In Zo’s image, the pleasure of the text is indeed in its intermittence: the between-two-edges of a passage obscured by the very paper on which it’s printed.

The lines which Roussel intended Zo’s image to illustrate come from one of the poem’s long list sections, in this case a list of correspondences, where something large and something small share a certain characteristic. Here, Roussel is likening the reader who peers between the uncut leaves of a book to a mother who peeks between the curtains of a cradle:

 …lorsqu’une mere, oseuse,
Ouvre un berceau, les blancs rideaux, pour deux feuillets
Non coupés qu’on disjoint.

[ …when a mother daringly
Opens a cradle, its white curtains, for two leaves
In an uncut book one prises apart.] (Mark Ford)

Daringly is a striking word here, even if we didn’t know about Roussel’s extraordinary mother-relationship: it sexualises the scene, accusing the mother of bringing a brazenness to her Fort-Da play with the child. The nominal formulation in the French is even more suggestive: oseuse, from oser, to dare: thus, a woman who dares (just as poseur, from poser, is a man who poses). Her twin roles then are listed side-by-side: ‘mère, oseur’: ‘mother, darer’. Barthes’s sense of the erotic as the ‘staging of an appearance-as-disappearance’ could hardly more explicitly represented: in Roussel’s table of comparisons the appearance-disappearance game of the brazen mother, using the curtains of the crib as theatrical props, becomes the writ-large equivalent of the book as portable peep-show.

To make things even stranger, Roussel’s lines and Zo’s illustration appear to be self-reflexive: the book best-suited for this model of reading-as-peering is Nouvelles Impressions dAfrique itself. Roussel’s poem is a long one by any measure, yet after fifteen years of creative effort, at fifty-nine pages long it still fell somewhat short of the book-length work its author had envisaged. Commissioning a set of illustrations, then, offered a way to pad the text out, and to redouble the effect Roussel took the unusual step of leaving all left-hand pages blank, while on the recto side the poem and the illustrations appeared on alternate pages. The fifty-nine page poem thus becomes a work of two hundred and thirty-six pages, and since the top edge of the paper was uncut, if one wanted to see any of the illustrations one would either have to cut the pages, or to hold the sheets open and peek between them in the manner described. When we look at image #28 then, holding the pages open to watch our man holding the pages open, perhaps he too is peering at another reader, a smaller man, peeping through a tiny Nouvelles Impressions dAfrique in an infinite regress. (And yet – this slight disconnect between image and text again – in Zo’s illustration we can tell that this is not the book which the man is reading: there is writing on the verso sheet, and besides Roussel’s brief for the artist explicitly states that the man is peering between the uncut pages not to view an illustration but ‘so as to read a passage’ [‘pour y lire un passage’].)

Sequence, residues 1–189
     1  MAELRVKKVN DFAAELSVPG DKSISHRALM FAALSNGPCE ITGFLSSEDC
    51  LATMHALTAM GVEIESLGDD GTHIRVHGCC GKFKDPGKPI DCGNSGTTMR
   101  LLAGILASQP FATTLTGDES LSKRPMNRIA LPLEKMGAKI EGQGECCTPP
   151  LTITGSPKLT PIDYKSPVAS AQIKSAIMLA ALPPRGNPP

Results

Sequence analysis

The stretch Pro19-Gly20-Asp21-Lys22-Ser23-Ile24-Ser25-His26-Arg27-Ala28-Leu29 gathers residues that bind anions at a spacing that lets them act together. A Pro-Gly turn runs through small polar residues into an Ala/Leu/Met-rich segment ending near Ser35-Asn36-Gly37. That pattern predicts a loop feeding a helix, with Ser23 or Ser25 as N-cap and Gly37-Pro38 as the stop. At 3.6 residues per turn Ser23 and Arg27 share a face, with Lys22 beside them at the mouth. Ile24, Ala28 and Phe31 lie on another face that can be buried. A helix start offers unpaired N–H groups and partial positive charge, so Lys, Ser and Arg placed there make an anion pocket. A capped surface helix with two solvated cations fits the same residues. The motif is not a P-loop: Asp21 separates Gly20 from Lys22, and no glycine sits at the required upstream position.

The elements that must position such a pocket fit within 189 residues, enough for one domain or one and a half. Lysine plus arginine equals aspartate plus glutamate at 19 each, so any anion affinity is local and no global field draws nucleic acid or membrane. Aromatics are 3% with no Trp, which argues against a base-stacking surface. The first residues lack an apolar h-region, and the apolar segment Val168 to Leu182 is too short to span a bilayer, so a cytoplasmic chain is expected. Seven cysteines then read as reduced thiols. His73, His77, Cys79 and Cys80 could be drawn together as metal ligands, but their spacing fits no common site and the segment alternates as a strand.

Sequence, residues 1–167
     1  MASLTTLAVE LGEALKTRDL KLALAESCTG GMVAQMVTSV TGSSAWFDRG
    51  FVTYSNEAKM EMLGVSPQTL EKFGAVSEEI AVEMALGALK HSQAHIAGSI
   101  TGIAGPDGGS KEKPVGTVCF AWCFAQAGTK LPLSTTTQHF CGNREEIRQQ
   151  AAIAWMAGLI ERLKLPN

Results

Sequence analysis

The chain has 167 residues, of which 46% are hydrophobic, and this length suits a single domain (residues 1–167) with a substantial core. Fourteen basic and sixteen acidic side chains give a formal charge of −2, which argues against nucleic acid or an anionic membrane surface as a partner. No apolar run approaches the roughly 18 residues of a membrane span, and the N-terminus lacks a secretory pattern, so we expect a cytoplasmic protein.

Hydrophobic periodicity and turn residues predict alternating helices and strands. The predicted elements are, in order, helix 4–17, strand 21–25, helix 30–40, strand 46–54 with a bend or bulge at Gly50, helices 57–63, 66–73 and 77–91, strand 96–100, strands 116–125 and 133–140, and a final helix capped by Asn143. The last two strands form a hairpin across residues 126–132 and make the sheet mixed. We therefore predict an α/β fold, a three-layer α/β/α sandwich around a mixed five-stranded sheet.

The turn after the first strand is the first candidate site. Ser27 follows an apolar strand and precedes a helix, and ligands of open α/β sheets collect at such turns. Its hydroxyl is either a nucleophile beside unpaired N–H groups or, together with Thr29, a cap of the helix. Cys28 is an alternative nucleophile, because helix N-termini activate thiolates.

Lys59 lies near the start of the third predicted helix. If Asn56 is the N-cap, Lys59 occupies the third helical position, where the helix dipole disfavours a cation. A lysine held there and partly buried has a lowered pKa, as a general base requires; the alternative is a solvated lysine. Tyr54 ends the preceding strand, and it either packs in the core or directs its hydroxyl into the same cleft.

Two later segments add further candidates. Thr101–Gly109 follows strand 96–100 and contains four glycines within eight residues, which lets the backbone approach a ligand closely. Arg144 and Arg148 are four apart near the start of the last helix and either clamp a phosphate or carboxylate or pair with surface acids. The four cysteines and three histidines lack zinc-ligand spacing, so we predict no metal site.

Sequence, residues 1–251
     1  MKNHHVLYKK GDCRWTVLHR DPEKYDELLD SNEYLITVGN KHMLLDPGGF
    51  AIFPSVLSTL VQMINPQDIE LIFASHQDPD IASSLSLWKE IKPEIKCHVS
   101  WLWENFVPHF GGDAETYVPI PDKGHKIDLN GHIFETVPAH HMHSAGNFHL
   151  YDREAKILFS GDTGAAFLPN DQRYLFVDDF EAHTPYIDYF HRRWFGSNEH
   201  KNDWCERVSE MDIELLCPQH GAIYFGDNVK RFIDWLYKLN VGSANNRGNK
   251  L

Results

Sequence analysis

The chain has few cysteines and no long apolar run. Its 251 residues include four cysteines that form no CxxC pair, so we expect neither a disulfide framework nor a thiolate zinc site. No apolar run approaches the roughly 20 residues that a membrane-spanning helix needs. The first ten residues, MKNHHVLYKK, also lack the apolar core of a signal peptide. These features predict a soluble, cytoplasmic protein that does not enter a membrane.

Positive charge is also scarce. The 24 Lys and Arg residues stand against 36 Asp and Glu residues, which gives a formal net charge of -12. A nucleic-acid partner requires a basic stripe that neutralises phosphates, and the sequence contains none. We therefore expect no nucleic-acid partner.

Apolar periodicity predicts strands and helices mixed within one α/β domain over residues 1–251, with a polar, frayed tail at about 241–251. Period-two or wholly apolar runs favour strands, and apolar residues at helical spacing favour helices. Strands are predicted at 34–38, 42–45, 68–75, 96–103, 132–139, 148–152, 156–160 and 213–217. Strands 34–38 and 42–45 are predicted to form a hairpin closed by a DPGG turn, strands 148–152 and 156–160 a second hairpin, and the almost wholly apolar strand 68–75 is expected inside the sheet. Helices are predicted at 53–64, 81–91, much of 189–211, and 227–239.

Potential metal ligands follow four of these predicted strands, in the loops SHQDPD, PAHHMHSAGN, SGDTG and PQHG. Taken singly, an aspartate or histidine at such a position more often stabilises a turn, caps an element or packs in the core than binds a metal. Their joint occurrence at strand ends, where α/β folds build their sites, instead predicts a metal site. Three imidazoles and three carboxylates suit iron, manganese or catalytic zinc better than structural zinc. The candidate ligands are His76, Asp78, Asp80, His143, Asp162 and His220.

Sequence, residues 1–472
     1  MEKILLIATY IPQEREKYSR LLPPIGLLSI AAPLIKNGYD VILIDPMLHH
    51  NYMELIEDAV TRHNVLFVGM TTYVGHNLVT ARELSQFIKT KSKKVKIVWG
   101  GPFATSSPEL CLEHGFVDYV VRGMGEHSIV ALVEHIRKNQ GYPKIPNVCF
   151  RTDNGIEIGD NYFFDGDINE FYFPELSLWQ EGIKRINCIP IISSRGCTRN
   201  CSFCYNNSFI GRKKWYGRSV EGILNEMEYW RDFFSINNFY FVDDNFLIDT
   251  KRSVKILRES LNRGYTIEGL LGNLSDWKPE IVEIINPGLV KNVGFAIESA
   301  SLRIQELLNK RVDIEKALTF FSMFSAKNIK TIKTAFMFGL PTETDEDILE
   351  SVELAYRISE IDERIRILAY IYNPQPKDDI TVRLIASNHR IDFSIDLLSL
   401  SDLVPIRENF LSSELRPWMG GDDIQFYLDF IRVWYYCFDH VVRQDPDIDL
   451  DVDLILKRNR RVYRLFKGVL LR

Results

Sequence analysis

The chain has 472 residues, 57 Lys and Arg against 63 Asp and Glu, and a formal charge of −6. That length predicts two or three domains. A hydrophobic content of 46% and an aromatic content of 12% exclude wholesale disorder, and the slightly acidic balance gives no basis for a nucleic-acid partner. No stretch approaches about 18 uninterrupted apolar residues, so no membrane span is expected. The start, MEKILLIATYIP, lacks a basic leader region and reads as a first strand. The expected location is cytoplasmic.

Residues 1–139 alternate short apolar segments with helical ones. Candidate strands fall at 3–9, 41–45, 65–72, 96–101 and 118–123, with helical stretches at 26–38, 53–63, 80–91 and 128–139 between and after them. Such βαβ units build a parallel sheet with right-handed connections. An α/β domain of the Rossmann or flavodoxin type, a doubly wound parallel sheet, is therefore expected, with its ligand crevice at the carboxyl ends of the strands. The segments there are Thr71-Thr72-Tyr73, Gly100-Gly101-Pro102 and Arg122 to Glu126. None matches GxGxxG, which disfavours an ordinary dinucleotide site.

There are, to my knowledge, three English translations of Roussel’s long poem (one is really a composite: Ken Koch’s mid-sixties translation of Canto III was supplemented in the late-nineties by Andrew Hugill’s working of Cantos I, II and IV). Of these, Mark Ford’s, which eschews the rhyme and metre of the original for greater fidelity to the sense, is the most satisfying both as a poem and as a translation. And yet, in its presentation it comes as a straightforward octavo edition with its edges pre-cut and the verso pages used for explanatory notes and the original French text. Alongside it, then, textual materialists will need a copy of Ian Monk’s version, published by Atlas Press, which comes as the original 1932 Lemerre edition original would have, with its top edges uncut, so that we might, if the mood takes us and there’s no-one around, find a quiet space to set the book upright on the table and, holding the pages gingerly open, peep through at Zo’s uncanny illustrations.